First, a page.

Twelve is the new zero
In pictures: top 10 films
Ocean's Twelve 12A cert, 125 min
Steven Soderbergh's convoluted sequel to 'Ocean's Eleven' features a gorgeous cast in search of a plot, says Sukhdev Sandhu
Back they glide, all gleaming-toothed smiles and designer clobber, their skin tanned to look as brown and gobblesome as fudge: Brad and Julia and Matt and George. A supernova of modern-day Hollywood superstardom. Film casts couldn't get any more spectacular.
|A-list galore: Damon, Pitt and Clooney|
Any director who's pulled off the coup of getting all these talents together is going to feel pretty proud of himself. Steven Soderbergh certainly seems to be. Ocean's Twelve, the follow-up to Ocean's Eleven, is less a fully-formed movie and more a paid vacation, an extended photo shoot for all concerned.
After the first picture, Soderbergh swore blind that that was it. That whatever curiosity he had in harnessing his own left-field talents to such a mainstream project would be sated. This then is the cinema equivalent of the Over-35 Mixed Doubles at Wimbledon, or synth-pop bands of the early 1980s reforming – a guaranteed chunk of change; the chance to hang out together with no pressure to do anything new or amazing. Everybody's having a great old time. It's just for fun.
The plot, and here I find myself referring to my scribbled notes for I'd completely forgotten it long before the picture itself had ended, starts with casino boss Andy Garcia tracking down Danny Ocean (Clooney) and his gang and telling them that they've got two weeks to pay back every cent of the $160 million they robbed from him last time round.
Leaving Las Vegas, Utah and all the other places they've been lying low in, they decamp to Europe where they carry out elaborate raids on antique-collector's home and a Fabergé egg-exhibiting museum, only to discover that a French maestro burglar called The Nightfox (Vincent Cassel) has beaten them to it.
|Bottoms up: Julia Roberts and George Clooney|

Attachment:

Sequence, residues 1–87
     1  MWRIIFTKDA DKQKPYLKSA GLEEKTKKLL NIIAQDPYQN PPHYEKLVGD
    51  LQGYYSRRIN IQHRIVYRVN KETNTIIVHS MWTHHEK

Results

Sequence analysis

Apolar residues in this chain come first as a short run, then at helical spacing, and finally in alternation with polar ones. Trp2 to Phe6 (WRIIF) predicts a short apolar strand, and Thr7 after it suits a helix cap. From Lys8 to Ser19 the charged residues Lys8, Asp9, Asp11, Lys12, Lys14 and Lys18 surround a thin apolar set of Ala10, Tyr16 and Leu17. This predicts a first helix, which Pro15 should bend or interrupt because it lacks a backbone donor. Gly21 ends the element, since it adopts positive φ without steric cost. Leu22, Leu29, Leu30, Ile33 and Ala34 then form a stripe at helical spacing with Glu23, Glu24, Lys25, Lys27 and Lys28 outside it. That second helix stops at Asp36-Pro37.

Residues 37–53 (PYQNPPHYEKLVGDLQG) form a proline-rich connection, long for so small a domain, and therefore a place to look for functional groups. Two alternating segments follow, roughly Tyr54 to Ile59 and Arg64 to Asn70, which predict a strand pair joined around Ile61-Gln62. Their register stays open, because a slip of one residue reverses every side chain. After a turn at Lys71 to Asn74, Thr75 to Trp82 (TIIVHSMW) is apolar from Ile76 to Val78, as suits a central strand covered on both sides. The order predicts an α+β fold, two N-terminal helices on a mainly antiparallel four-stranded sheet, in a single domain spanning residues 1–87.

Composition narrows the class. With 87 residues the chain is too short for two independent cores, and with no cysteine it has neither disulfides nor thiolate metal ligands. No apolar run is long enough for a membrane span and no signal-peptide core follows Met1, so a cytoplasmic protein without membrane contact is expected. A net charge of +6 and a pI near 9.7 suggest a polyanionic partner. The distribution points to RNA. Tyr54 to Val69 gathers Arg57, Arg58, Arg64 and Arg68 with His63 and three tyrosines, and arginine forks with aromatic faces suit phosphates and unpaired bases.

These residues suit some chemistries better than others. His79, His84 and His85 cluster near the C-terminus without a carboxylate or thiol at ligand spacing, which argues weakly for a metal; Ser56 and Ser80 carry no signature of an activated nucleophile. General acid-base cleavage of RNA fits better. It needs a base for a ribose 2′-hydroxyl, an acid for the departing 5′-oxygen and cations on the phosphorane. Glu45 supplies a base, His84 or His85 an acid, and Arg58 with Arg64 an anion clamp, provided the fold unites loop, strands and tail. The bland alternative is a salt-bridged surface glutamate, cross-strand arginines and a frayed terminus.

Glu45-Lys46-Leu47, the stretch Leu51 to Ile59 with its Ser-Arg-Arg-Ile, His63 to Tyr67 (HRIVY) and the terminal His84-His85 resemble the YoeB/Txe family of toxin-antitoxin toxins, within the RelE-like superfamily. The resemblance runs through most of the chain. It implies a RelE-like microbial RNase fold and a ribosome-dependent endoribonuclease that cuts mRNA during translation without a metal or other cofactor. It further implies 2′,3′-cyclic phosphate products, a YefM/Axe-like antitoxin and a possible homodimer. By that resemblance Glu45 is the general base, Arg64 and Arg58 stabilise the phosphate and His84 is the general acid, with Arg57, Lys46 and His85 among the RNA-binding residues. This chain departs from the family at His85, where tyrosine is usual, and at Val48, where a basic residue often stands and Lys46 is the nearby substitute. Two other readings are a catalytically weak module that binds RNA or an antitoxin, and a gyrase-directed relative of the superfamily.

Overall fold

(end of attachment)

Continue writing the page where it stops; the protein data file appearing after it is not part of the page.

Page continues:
The script by George Nolfi is thin to say the least. Soderbergh and his editor Stephen Mirrione have tried to get around this by playing fast and loose with chronology. Long sections of the film are so convoluted, attempting in their manic twists and turns to generate some much-needed energy, that we're left with a jigsaw we can't really be bothered to solve.
Neither is there much tension. Because of the sudden leaps forward in time, we know not to expect any of the gang members to suffer unduly; they'll always escape or be sprung free from whatever tricky situation they find themselves in.
An episode of Ground Force has more against-the-clock drama. And, unlike Mission: Impossible, there are no torso-bulging, frenzied dashes here; the characters are too busy trying to be cool to think about breaking into a sweat or creasing their jackets.
Ageing gang members Carl Reiner and Elliot Gould are, of course, totally lovable and idiosyncratic. But it's the newcomers who fare the best.
Catherine Zeta Jones, as the trenchcoat-and-stilettoes-wearing Europol agent out to nab the gang, is reunited with Soderbergh for the first time since Traffic and is as fascinatingly self-possessed and lovely as ever.
It would have been good to see more of Cassel, too. An extravagantly talented actor, as shown in films as diverse as La Haine and Irreversible, he has a winning, curled-lip menace. The balletic grace and guile he displays to leap over and under the roaming laser beams that protect the museum's Fabergé egg recall French footballer Zinedine Zidane in his prime.